Audio Walk 'On the Trail of 1930s Refugees in Bloomsbury' Launched
Friday 13 November 2020
The Institute is delighted to announce that the audio walk ‘On the Trail of 1930s Refugees in Bloomsbury’ is now available.
Bloomsbury's cheap boarding houses and Bohemian reputation made the area a magnet for refugees from Nazi Europe, and it was from here that support for the refugees was coordinated. In turn the refuges contributed to the British anti-Nazi propaganda war, and activists plotting the downfall of the Nazis were spied on by MI5 agents.
The trail is c.2.5 miles and takes you from 89 New Oxford Street, the office of Austrian Self Aid, to the house near Great Ormond Street where Dora Fabian and Mathilde Wurm died in suspicious circumstances, via landmarks such as Bloomsbury House, a refugee support centre, and the National Hotel, where writer and artist Judith Kerr lived.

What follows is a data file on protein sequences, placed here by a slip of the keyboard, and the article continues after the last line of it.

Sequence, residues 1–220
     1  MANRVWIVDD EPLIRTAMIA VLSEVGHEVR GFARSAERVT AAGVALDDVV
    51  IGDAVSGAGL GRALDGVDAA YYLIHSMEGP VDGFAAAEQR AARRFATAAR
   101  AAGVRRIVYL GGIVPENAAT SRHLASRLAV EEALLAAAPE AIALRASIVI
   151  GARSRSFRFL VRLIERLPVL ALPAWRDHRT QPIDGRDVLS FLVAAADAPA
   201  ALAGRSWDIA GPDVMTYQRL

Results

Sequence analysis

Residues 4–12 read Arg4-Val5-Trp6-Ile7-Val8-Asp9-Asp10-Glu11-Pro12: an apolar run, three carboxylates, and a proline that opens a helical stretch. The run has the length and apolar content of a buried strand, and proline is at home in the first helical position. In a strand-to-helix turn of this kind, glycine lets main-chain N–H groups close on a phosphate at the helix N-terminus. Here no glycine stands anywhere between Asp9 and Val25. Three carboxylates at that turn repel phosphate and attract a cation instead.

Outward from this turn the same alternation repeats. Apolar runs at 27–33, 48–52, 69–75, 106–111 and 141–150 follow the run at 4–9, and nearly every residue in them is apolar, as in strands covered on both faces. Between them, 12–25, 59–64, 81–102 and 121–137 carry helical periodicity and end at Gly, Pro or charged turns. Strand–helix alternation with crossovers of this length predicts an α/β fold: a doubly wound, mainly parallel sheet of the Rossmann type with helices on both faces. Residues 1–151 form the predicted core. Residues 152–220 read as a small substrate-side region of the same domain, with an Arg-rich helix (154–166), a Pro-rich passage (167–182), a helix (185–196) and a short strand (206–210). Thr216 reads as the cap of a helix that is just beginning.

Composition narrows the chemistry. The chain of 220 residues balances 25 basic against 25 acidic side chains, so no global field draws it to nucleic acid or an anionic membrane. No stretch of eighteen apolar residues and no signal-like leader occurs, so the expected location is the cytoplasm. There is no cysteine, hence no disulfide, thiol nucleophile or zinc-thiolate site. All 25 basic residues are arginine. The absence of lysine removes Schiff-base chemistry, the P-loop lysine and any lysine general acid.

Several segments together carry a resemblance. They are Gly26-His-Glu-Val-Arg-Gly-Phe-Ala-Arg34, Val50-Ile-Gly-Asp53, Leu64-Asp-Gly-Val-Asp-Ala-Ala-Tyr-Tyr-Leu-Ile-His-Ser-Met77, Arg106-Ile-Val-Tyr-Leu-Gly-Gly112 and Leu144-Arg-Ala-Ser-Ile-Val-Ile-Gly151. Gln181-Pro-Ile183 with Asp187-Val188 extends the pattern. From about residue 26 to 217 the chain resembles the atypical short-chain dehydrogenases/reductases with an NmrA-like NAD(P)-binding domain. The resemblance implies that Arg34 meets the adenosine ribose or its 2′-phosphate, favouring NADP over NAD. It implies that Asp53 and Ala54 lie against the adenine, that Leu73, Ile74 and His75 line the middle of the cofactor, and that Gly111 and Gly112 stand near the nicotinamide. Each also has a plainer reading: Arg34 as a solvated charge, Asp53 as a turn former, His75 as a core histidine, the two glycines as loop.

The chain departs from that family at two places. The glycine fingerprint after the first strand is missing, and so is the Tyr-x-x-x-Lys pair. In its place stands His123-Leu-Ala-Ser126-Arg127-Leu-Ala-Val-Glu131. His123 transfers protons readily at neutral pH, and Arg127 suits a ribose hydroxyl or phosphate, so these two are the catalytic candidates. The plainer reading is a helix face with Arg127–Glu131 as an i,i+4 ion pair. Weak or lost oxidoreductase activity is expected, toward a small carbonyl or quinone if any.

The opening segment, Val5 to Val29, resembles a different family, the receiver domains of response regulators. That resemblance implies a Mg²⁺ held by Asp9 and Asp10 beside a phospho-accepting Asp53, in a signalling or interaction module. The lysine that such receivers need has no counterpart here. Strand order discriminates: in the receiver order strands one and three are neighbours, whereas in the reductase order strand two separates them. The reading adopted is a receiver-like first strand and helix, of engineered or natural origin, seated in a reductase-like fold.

The audio recording brings to life the work of the Research Centre for German & Austrian Exile Studies, and is illustrated by voices from the IMLR’s exile archives. Devised and led by Miller Archivist, Clare George, there are contributions by Charmian Brinson and Gareth Williams.
The audio walk was created as part of the 2020 Being Human Festival, and is supported by the Martin Miller and Hannah Norbert-Miller Trust.